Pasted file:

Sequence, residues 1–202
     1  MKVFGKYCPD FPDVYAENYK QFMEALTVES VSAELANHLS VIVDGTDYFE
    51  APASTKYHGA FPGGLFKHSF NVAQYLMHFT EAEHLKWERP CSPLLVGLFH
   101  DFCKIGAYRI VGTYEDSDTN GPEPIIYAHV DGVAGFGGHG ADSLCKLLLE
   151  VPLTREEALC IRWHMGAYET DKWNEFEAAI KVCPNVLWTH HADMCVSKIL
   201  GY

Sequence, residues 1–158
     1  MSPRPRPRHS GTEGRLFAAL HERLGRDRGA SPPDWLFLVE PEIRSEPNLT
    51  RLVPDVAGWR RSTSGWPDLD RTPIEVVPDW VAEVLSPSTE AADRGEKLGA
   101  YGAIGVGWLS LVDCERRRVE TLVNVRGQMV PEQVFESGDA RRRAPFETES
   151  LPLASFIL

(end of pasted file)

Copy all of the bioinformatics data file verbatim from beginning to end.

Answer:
Sequence, residues 1–202
     1  MKVFGKYCPD FPDVYAENYK QFMEALTVES VSAELANHLS VIVDGTDYFE
    51  APASTKYHGA FPGGLFKHSF NVAQYLMHFT EAEHLKWERP CSPLLVGLFH
   101  DFCKIGAYRI VGTYEDSDTN GPEPIIYAHV DGVAGFGGHG ADSLCKLLLE
   151  VPLTREEALC IRWHMGAYET DKWNEFEAAI KVCPNVLWTH HADMCVSKIL
   201  GY

Sequence, residues 1–158
     1  MSPRPRPRHS GTEGRLFAAL HERLGRDRGA SPPDWLFLVE PEIRSEPNLT
    51  RLVPDVAGWR RSTSGWPDLD RTPIEVVPDW VAEVLSPSTE AADRGEKLGA
   101  YGAIGVGWLS LVDCERRRVE TLVNVRGQMV PEQVFESGDA RRRAPFETES
   151  LPLASFIL